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DON'T OPEN VA HOSPITALS TO PUBLIC

To the editor:

I take exception to the editorial of March 2, "Let VA hospital beds stay empty?" I personally cannot speak for all the veterans service organizations, but I can speak for myself, a retired, disabled veteran.There is much more to be considered than was disclosed in the editorial on care for civilians in veterans hospitals. Perhaps the author has not visited our own VA Medical Center in Salt Lake City, where veterans sometimes take a seat to wait up to six hours before seeing a qualified medical doctor or make an appointment in the EENT clinic for a hearing test that will be up to 60 days in the future, or make an appointment in orthopedics, which has been on occasion up to 90 days down the road.

The allegations made by General Accounting Office in 1989, that the author alluded to, of "one in five veterans are receiving . . . not caused or aggravated by military service," is and was completely groundless, as proved by hearings in the House and Senate, and was merely a ploy to reduce the deficit on the backs of the disabled veterans by elimination of payment to between 10 percent and 20 percent of disabled veterans.

Let us examine some of the facts on the issue:

1. The "modest project" described was in fact a "pilot test" project to be expanded at a later date into all VA hospitals nationwide.

2. The annual budget of the Department of Veterans Affairs is annually pounced upon by the Office of Management and Budget as a starting place to cut the budget and reduce the deficit. This while our veteran population is advancing in age and requires more health care than ever before.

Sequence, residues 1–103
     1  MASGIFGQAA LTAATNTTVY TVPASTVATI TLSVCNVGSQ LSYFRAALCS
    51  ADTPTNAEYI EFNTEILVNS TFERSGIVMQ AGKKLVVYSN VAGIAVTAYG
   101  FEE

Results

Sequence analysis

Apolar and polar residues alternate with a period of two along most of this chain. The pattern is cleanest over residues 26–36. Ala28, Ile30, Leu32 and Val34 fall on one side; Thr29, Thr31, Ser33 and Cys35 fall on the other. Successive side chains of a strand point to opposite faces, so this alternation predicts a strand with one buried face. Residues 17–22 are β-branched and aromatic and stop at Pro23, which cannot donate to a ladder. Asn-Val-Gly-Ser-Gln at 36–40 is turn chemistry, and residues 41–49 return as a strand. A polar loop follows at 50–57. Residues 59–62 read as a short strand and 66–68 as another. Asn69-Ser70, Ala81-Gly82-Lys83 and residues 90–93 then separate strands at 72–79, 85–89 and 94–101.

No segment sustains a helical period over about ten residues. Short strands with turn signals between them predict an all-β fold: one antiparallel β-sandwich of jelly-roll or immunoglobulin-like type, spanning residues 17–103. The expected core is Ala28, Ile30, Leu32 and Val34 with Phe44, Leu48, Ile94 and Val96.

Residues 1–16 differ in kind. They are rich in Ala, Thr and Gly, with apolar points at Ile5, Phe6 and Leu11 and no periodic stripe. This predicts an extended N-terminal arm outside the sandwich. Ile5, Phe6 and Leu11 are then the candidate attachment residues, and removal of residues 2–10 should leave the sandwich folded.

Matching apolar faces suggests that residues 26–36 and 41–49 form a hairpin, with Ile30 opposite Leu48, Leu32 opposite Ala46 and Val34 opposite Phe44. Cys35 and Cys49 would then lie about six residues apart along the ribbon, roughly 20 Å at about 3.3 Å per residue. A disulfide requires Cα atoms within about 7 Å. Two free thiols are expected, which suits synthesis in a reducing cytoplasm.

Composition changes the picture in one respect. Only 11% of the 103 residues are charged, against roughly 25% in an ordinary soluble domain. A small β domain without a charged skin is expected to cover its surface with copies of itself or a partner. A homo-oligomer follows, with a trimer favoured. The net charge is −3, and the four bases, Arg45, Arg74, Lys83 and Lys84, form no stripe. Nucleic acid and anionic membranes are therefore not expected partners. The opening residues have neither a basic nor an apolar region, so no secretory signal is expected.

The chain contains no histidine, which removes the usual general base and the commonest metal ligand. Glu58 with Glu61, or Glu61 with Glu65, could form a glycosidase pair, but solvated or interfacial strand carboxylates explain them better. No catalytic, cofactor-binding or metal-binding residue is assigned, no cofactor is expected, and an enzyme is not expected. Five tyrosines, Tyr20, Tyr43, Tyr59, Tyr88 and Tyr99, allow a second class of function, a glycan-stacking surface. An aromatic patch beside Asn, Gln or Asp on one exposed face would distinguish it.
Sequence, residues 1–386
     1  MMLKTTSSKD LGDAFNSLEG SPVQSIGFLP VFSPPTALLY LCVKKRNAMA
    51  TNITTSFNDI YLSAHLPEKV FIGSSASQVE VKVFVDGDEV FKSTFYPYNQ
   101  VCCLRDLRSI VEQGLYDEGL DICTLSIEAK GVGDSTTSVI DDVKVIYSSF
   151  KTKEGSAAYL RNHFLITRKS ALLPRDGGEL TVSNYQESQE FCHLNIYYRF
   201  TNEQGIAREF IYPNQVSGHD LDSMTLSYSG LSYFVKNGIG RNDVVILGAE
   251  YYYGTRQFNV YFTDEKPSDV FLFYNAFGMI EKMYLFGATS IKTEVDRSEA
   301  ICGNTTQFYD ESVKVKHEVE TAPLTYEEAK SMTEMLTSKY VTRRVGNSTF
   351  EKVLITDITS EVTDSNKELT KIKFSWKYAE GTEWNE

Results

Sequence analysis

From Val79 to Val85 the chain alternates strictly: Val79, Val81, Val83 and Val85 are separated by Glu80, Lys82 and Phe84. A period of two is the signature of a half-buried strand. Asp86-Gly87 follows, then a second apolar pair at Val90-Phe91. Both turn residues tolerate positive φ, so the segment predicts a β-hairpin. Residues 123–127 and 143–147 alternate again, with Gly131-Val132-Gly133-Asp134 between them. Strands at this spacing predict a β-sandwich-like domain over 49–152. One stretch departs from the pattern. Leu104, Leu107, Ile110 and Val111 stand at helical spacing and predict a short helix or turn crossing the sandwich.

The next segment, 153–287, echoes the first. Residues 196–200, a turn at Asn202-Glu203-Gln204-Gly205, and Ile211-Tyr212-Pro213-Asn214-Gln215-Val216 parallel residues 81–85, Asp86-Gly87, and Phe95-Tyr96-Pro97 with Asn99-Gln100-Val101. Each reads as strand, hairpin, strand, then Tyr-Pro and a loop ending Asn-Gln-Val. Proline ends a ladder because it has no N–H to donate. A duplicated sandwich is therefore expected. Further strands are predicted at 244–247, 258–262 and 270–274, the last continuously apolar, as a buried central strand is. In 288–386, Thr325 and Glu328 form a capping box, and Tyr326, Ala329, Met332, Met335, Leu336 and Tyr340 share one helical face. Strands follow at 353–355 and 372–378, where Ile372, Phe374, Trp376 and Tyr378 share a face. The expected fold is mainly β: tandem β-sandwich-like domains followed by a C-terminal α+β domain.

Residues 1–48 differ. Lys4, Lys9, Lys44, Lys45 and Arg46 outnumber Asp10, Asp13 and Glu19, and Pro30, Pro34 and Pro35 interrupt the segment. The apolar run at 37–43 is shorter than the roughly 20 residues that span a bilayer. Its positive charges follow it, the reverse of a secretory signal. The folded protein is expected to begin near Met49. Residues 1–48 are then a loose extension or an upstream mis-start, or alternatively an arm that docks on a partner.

3. The revenue generated from this program (your words) would have been returned to the general fund and Treasury, not retained to defray the cost to the VA hospitals for providing these services. This would force the Department of Veterans Affairs to justify the process all over again in the next budget process. This money shuffling would only serve to allow the professional politicians to look good in the coming years.

4. The Senate did not vote to deny financing as you stated. Rather, it voted to pass Senate Bill S-2183, which prohibited the Department of Veterans Affairs and the Department of Health and Human Services to proceed with the program. They did this with an overwhelming vote of 91 to 3, causing the supporters of the issue to withdraw their legislation to enact the program.

5. Had the previous administrations not categorized veterans into separate groups of who could or could not receive certain entitlements and place a means test in the regulations, those beds in Salem, Va., and Tuskegee, Ala., would probably not be empty today.

Veterans have laid their lives, health and well-being on the line for this country and her freedoms and would do so again. Their health care is protected and mandated by law, to say nothing of the moral obligation the country incurred.

Robert N. Roland

Sandy

Editor's note: The editorial in question made no reference to any revenue generated from the proposed program, a point raised in Mr. Roland's third item.